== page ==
I’m familiar with the topic of change and transformation, and usually focus on its positive aspects (this could literally be about my familiarity with all sorts of transformations of gender, sexuality, and other identity labels). I can inspire people and be creative with them. I often seem to serve as a catalyst for changes in others. (I’m pretty sure the boots with the rainbow laces also have to say something but I can’t quite access that message right now.)

4. What puts people offSpiral Dance / Six of Fire

They may perceive me as unfocused, a Jack-of-all-trades, and may have difficulty following my flights of fancy and wild associations (I tend to be interested in many things and have ideas for many projects, usually many more than I can ever realize. I’m actually unhappy if I’m forced to limit my attention to just one project for more than a week or two. Other people often seem to translate that into a lack of commitment.). I’ve also noticed that some people have a hard time dealing with my ability to effortlessly learn the basics of many skills and topics in a very short time when they themselves had to work hard for that (I can’t help being like that, but I can see how it could be frustrating to others). Maybe they feel I’m not as grounded and reliable as they’d like (I know I have a hard time keeping in touch with anyone regularly). I’m wondering if the beech leaves and burrs point to Beech as a Bach flower, where it would be related to an overly critical stance (I could see how people might perceive me as overly focused on the negative because I often zoom in onto errors and disadvantages first, especially if everyone else doesn’t seem to see them. To me, that’s a normal part of evaluating an idea/project, but I can imagine I’d come across as harsher as I mean to at times).*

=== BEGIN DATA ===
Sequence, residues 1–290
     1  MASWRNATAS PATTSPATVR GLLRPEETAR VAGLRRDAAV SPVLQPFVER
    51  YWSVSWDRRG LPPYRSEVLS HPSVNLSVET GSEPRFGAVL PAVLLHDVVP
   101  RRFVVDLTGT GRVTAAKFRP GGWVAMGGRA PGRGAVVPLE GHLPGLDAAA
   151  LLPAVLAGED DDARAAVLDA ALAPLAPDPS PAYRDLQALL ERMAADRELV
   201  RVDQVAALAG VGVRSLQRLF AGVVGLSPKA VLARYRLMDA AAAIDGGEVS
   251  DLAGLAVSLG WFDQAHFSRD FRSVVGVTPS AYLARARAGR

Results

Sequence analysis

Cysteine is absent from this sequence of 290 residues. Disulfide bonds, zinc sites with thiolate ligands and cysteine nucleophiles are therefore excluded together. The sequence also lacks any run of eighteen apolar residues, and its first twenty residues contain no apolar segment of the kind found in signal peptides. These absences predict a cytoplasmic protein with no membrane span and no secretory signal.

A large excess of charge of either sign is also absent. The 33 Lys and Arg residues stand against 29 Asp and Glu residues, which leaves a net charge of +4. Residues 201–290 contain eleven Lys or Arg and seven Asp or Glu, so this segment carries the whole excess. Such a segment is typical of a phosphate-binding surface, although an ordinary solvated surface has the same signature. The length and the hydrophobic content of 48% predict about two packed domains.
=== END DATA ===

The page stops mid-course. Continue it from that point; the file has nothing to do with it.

5. What are the right circumstances for me to find friendsGlow / Ten of Fire

I need to get up close and personal with them in a caring and gentle manner. This speaks to my preference for one-on-one conversations (or small groups) versus larger gatherings. Perhaps I need to look amongst older people instead of younger ones. I also may benefit from focusing on giving instead of getting. The image also reminds me of my volunteer work with a hospice service (the main part of our training will start in November, so that could also be a place to meet potential new friends).

6. What are the wrong circumstancesThe Peace Keeper / King of Air